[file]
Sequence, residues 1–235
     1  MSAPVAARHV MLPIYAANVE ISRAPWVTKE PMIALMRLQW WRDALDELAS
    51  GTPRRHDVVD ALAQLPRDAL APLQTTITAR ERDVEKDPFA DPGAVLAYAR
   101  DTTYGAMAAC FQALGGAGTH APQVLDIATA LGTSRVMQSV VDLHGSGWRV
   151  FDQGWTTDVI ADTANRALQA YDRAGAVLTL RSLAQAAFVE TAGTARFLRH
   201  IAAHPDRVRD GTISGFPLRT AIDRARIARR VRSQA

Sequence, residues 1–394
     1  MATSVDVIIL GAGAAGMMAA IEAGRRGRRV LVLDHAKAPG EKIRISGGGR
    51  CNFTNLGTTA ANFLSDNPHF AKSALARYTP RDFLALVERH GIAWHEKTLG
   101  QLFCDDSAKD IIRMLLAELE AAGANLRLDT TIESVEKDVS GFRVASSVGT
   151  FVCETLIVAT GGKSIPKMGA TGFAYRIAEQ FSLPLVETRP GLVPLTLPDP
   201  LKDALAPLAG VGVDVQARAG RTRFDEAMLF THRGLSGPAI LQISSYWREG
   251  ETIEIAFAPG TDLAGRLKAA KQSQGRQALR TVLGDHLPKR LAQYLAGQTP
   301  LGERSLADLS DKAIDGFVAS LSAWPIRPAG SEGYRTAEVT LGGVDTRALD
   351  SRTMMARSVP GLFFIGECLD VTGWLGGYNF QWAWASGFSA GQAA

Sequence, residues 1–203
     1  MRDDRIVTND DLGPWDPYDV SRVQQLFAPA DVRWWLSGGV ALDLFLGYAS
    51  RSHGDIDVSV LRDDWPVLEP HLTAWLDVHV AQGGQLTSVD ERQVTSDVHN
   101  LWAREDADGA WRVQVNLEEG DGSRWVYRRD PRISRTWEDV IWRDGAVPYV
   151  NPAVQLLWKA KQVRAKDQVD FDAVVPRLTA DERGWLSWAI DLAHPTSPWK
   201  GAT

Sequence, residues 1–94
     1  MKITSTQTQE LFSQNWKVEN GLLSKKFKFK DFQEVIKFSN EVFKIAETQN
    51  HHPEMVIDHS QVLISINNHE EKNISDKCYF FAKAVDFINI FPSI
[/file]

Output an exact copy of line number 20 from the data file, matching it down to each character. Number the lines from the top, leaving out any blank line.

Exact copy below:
   151  NPAVQLLWKA KQVRAKDQVD FDAVVPRLTA DERGWLSWAI DLAHPTSPWK